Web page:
Chronic Obstructive Pulmonary Disease
Chronic obstructive pulmonary disease (COPD) is a lung disease characterised by partial obstruction in the airway tubes which results in breathing difficulties. It is a progressive, disabling and potentially fatal disease. Unlike asthma, COPD is not reversible with medications and it is most commonly found in people who have smoked cigarettes or been exposed to airborne irritants. It is estimated up to one in six people over the age of 45 are living with COPD and it is now the fourth largest killer of Australians.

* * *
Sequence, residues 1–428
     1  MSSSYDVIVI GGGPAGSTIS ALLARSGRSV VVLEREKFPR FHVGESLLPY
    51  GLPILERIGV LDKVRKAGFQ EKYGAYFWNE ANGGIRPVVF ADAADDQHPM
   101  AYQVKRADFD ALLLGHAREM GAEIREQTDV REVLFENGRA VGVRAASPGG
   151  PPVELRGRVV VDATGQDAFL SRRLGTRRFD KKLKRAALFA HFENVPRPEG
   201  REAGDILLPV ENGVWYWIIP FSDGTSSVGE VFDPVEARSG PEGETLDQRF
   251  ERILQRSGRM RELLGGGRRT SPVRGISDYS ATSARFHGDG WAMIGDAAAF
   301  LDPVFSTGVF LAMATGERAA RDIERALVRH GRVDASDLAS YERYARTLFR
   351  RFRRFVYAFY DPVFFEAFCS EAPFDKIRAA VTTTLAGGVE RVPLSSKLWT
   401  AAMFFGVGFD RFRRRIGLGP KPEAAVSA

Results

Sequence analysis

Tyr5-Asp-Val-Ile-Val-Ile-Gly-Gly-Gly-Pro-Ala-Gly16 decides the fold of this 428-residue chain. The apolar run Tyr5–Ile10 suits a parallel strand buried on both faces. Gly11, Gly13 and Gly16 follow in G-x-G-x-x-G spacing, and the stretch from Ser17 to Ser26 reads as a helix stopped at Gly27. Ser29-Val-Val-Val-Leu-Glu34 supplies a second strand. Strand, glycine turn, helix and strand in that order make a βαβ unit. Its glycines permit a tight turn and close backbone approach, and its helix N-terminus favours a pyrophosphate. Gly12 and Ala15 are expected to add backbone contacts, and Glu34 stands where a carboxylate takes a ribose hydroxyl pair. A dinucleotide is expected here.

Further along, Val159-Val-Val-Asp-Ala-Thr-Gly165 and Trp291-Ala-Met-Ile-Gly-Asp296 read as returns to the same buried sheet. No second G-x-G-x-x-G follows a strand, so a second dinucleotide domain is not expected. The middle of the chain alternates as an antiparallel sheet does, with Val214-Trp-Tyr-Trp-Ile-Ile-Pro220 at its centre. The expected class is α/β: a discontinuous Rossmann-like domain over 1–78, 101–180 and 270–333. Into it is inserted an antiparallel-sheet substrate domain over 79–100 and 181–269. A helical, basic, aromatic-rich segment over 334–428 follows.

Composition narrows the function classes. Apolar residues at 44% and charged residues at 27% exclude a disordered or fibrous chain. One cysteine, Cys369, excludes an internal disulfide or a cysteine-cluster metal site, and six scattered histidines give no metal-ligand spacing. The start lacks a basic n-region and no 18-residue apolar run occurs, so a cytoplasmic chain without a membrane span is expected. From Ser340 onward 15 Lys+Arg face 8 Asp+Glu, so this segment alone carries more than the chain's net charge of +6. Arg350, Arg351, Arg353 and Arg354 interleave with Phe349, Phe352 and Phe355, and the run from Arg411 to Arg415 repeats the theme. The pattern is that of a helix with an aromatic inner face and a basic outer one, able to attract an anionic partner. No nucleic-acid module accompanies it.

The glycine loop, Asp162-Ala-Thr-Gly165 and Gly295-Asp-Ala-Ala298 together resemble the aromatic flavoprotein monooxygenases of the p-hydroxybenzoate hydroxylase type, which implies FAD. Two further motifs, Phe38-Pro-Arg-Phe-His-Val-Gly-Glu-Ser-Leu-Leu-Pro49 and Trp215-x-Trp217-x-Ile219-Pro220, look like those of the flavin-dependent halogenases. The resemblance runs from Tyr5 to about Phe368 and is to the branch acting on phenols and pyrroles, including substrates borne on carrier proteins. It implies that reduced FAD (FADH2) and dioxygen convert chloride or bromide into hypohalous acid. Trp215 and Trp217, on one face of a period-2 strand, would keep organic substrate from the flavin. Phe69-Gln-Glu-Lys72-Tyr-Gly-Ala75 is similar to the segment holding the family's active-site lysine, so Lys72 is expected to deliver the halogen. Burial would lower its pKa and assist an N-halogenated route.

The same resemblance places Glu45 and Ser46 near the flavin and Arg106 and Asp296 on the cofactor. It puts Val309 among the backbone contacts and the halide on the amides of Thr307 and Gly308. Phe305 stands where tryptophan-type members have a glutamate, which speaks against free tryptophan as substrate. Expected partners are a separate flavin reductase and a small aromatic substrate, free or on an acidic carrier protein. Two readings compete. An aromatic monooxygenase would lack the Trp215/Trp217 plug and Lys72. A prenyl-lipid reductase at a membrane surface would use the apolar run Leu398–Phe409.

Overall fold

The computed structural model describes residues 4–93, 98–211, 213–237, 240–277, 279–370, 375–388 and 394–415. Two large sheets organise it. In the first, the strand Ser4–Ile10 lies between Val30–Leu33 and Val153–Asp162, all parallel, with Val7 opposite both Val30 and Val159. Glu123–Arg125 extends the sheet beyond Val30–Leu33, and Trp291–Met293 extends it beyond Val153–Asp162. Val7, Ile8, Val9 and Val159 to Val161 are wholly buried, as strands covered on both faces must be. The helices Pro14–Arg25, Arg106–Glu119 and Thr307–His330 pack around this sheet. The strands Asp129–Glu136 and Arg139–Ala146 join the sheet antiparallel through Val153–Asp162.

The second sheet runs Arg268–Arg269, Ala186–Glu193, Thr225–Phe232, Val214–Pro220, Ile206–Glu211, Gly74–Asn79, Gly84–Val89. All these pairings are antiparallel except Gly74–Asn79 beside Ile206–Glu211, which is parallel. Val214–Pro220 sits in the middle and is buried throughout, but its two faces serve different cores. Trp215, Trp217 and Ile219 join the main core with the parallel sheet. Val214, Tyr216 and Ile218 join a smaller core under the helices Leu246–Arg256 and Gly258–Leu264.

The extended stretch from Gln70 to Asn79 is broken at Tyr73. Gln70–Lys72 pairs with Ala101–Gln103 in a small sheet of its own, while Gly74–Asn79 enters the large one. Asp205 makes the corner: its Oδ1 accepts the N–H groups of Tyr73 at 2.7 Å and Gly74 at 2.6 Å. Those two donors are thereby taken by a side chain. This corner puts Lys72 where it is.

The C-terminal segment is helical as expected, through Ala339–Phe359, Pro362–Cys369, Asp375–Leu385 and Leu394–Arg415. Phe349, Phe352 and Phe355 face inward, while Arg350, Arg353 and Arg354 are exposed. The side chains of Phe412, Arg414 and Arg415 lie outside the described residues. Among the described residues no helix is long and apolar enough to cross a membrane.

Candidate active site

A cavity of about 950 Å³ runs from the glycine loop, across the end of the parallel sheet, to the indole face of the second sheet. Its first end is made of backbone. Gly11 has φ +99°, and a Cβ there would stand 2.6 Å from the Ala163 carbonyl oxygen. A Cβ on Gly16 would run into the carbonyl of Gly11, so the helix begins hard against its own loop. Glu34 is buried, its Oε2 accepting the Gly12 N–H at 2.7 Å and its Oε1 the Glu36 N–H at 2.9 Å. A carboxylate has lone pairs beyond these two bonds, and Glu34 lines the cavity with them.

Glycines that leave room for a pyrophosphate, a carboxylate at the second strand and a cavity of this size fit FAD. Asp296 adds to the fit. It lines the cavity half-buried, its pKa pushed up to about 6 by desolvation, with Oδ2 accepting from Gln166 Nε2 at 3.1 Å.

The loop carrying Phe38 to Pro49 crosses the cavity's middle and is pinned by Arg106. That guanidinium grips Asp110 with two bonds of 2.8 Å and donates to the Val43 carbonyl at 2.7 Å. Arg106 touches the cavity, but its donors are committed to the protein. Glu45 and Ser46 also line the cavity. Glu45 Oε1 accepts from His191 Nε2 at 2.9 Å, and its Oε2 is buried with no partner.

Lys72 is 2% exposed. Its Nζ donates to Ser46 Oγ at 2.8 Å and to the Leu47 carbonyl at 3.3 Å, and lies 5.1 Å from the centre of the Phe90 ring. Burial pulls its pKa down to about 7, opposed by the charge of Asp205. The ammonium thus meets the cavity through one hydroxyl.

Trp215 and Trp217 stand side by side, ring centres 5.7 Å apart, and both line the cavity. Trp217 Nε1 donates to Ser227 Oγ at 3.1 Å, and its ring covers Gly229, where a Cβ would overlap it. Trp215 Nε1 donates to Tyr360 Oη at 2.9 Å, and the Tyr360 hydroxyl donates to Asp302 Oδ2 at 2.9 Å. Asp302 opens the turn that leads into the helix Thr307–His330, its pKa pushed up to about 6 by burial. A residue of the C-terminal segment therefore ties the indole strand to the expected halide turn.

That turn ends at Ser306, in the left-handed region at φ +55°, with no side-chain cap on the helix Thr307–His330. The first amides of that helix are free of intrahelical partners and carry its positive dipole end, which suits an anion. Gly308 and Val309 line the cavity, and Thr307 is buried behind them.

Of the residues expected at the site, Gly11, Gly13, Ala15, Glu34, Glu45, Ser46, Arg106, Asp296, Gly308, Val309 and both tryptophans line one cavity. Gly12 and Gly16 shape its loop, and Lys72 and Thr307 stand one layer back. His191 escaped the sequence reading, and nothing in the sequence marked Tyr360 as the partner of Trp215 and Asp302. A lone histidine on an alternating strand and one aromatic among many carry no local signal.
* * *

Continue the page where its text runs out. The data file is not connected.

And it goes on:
This disease is being researched in the following projects:
- Pathways Home for Lung Health (PHLH) - A Comprehensive Self-Management Programme for Chronic Obstructive Pulmonary Disease in the Community
- PPARy as a therapeutic target in cystic fibrosis and chronic obstructive pulmonary disease
- Bushfires, Smoke, and People: assessing the risks and benefits from planned burning on the urban-rural interface